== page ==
After Ramapithecus no fossils are available for almost 10 million years, which is a big gap in phylogeny of man.
Oreopithecus fossils were discovered from lignite mines in Italy. One nearly complete skeleton of the abominable Coal Man was unearthed from Italy and later about 200 fossils were collected from Europe and East Africa. Dentition was human, canines were small and face short but premolars and molars were ape-like. Pelvic girdle was broad, indicating erect posture. It was an herbivore living in swampy areas.
Australopithecus africanus,“the southern ape” is the most primitive of Australopithecines that existed between 5.5 and 2 million years ago. Fossil of a 5-year old boy (Taung baby) was discovered from South Africa by Prof. Raymond A. Dart in 1924.
It was 5 feet tall and walked erect. Vertebral column had a lumbar curve and pelvis was broad. Foramen magnum was placed under the skull. Teeth human and dental arch smoothly rounded. Palate seems to be shallow anteriorly and deep posteriorly.
Canines were small and simian gap absent. Premolars and molars greatly enlarged relative to incisors and canines. Cranial capacity was 450-700 cc. Face was prognathous with long palate but less prominent eyebrow ridges and without chin. Orbits were large and rounded. Nasal bones were flat, giving the short face a dish-shaped appearance.
Australopithecus occurred in two forms: a small gracile and a larger robust form spread in Tanzania, Kenya and Ethiopia and South Africa. Many scientists are now using the generic name Paranthropus, which was originally given to the species robustus, to refer to the robust forms of Australopithecus, which includes robustus, boisei and aethiopicus.
Australopithecus afarensis was a gracile form and probably a descendant of A. africanus. One almost complete skeleton of a female named “Lucy” was discovered from Afar (Ethiopia) by Donald Johanson in 1973. It was dated at 3.5 million years. It was about 5 feet tall and walked erect and had an arched foot to support the bipedal gait. Cranial capacity was 400-500 cc. Canines were small with thick layer of enamel and molars were designed to grind tough material.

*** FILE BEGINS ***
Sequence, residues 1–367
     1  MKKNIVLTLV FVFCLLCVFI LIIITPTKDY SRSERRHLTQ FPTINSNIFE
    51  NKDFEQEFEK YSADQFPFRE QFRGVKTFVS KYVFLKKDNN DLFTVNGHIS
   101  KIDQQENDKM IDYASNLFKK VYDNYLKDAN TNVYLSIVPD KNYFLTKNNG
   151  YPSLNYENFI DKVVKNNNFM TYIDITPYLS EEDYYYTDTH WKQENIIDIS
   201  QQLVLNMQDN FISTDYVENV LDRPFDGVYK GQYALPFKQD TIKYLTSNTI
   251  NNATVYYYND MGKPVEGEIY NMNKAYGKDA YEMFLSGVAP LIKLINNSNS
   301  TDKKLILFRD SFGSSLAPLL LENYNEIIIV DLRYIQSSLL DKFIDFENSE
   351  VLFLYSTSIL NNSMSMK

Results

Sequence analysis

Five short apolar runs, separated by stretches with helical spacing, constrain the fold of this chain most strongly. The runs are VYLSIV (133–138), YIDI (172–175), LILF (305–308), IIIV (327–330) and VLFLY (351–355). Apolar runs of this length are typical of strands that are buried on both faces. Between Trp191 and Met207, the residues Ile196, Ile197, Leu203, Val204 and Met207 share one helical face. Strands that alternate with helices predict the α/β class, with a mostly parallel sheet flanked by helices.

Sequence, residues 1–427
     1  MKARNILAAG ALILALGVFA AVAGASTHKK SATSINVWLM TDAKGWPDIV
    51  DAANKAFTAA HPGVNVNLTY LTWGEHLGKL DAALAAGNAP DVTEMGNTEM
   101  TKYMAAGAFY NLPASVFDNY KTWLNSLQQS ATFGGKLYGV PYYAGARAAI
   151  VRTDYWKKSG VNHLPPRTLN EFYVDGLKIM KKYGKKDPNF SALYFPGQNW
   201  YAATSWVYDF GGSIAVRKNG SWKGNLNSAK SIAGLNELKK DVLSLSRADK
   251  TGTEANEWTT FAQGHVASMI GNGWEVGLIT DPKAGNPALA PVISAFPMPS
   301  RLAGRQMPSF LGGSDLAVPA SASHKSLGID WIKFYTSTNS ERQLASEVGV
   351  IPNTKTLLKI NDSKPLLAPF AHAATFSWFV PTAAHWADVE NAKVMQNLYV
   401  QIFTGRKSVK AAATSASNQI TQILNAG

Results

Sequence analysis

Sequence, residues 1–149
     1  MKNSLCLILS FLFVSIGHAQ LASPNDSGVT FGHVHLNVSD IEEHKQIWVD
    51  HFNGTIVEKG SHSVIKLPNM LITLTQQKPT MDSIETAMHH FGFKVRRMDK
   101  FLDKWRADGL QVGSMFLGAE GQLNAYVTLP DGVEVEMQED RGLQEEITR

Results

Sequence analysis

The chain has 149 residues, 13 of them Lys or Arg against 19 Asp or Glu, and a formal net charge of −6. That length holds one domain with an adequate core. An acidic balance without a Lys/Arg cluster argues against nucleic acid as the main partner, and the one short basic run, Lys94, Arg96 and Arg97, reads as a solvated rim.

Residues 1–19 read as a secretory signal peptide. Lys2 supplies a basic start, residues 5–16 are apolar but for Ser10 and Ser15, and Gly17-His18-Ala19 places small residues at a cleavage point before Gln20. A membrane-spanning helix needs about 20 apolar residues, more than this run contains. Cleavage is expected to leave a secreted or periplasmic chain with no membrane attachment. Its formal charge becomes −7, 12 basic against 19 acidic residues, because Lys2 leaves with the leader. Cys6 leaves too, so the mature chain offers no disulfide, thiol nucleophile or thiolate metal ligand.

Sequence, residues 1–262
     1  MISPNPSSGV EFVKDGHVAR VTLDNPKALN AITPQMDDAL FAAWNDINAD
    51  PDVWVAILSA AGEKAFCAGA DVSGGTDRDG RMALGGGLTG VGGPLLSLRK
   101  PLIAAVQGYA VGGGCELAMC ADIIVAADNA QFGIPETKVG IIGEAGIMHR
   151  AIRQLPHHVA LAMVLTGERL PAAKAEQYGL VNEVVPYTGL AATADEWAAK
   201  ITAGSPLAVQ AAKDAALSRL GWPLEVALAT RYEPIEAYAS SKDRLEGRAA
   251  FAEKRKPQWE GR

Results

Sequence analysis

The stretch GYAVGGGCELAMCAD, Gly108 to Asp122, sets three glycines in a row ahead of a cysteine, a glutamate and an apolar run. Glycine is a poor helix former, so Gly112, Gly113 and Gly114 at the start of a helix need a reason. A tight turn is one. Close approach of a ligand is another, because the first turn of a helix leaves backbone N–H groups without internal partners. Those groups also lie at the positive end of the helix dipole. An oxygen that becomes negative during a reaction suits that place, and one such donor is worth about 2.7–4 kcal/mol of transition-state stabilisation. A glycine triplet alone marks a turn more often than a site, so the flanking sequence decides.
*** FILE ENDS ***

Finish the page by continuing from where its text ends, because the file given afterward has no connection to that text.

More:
Australopithecus garhi. A fragmentary skull was excavated in 1997 by Asfaw and White from Bouri village in the middle Awash region in Ethiopia and dated at 2.5 million years. The fossil was found near antelope bones which were butchered by it using specialized stone tools that were carried with it from other places where the raw material for it was available. The stone hammers, axes and blades enabled this species to exploit a broader range of habitats and prey to obtain energy rich food that was necessary for the enlargement of energy consuming brain.
Australopithecus anamensis fossils, discovered near Anam lake at Kanapoi and Allia Bay in Kenya by Meave G. Leakey, were dated to about 4 million years. Skull fragments and teeth were similar to those of earlier species but arms and leg bones were more advanced and indicative of bipedal gait.
Ardipithecus ramidus is represented by 21 specimens found near Lake Turkana and from Aramis in the Awash Valley in 1995. Dated back to 4.4 million years, it perhaps walked erect. It is believed to be a sister species of anamensis.
The following three species were robust forms of Australopithecus, sometimes identified by the separate generic name, Paranthropus, as they seem to have descended from a common ancestor.
Australopithecus robustus (=Paranthropus robustus) was first discovered by Robert Broom in 1939 from South Africa and dated to 1.5-2.0 million years. It is characterized by heavily built skull having rounded appearance, higher vertex and a bony keel on the top for the attachment of large jaw muscles. Forehead was slanting and eyebrow ridges massive. Foramen magnum and occipital condyles were anteriorly placed. Dental arch was rounded and massive without diastema and simian shelf. Incisors and canines were small and spatulate, while premolars and molars were very large.